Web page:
Being convicted of a crime that lands you on the sex offender registry has huge, and sometimes lifelong, consequences. If you are facing that kind of case in the courts of Maine, you need to get a lawyer as early in the process as possible.
To hear what Merritt Heminway has to say on the topic, see: Are Sex Offender Laws in the State of Maine Fair?
Please email us at firstname.lastname@example.org or call 855-51-DEFEND (855-513-3336)
We’ve included a transcript of the video below:
Problems with the state of Maine’s sex offender registry.
So when you are convicted of certain sex offenses, you will be on a sex offender registry list and sometimes for 10 years and sometimes for a lifetime. There’s very strict registration requirements that you have to go through.
Depending on the level of offense it’s, every quarterly you have to Report at the police station. If you leave for five days you have to let them know. You have to tell them your job. In some cases you have to give them all the passcode to your computer and your online handles or online names that you use. So you’re giving up significant privacy.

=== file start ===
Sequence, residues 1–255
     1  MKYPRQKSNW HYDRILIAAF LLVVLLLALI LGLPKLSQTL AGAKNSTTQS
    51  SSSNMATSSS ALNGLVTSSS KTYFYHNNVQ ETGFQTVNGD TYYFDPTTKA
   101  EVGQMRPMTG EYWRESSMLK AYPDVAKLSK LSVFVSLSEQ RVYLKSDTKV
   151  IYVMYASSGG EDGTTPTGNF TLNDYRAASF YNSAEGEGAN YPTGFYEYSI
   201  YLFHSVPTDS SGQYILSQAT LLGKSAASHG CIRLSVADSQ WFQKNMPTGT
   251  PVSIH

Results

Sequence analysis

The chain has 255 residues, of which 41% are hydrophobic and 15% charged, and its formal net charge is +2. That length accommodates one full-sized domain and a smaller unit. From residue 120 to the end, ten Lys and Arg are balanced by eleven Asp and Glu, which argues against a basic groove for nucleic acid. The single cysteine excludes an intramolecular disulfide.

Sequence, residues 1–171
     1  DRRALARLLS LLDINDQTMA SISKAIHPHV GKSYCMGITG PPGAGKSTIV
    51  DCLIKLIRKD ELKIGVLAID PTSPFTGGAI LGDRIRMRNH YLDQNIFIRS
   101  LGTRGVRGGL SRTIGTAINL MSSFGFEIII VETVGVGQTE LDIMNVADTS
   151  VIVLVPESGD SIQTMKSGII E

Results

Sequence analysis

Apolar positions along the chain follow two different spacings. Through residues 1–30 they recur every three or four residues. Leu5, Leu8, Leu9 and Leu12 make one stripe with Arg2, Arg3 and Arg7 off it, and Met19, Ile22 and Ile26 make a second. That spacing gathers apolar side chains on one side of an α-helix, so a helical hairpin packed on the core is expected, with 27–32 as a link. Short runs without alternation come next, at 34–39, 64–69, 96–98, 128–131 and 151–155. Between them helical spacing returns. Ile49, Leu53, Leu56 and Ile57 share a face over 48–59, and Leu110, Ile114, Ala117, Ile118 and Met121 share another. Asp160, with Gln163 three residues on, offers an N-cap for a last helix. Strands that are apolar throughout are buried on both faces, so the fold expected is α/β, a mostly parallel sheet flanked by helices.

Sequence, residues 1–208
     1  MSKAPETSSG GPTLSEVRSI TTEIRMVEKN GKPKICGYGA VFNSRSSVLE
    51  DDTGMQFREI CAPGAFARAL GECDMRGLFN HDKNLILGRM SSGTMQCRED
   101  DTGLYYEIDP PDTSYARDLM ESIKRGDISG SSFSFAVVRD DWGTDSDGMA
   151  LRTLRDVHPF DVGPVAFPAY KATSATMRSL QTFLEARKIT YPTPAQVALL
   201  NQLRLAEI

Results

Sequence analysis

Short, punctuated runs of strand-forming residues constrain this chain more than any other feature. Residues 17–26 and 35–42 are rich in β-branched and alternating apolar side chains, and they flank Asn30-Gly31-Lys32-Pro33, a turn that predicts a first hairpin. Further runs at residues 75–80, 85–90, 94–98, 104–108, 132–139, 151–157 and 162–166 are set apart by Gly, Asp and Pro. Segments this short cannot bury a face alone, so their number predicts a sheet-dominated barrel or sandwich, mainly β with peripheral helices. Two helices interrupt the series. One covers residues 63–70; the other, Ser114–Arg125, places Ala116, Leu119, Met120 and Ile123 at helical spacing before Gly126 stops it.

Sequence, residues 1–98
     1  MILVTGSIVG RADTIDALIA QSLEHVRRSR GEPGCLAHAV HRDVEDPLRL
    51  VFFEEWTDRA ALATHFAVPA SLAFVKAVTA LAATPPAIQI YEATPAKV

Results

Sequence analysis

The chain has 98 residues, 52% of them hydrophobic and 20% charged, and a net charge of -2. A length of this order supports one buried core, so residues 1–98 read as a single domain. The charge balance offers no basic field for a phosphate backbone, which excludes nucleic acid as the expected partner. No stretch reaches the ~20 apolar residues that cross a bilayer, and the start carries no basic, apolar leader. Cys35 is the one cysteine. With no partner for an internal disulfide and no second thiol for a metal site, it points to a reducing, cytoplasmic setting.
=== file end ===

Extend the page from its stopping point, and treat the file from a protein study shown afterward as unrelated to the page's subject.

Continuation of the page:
The state has characterized that this is for sort of for public safety and it’s not punishment it’s regulatory scheme. The reality is that being on the sex offender registry is a punishment. It is a very real punishment. And when people go on the sex offender registry, the public, to see what “sex offenders” are living and I say sex offenders because it is this very loaded term. There’s no distinguishing amongst the crime so from the most serious to the least serious under the sexual assault statue you can be on the registry.
So when people see that they don’t know and there’s this whole sort of veneer that surrounds being on the registry. Not to mention the issues of getting a job, living anywhere. There are reports of people having to live under bridges and sex offender camps in Florida because the living restrictions are so tight. In other words of where they can live that they can’t live anywhere so they’re living under a bridge.
And I don’t see how that is good public policy or promote safety in anyway. And there is no research that says sex offender registry makes anyone safer. It doesn’t reduce recidivism. It makes you feel safer. It makes vigilantism a higher probability. You need to have an attorney early on to start telling your side of the story, telling your narrative.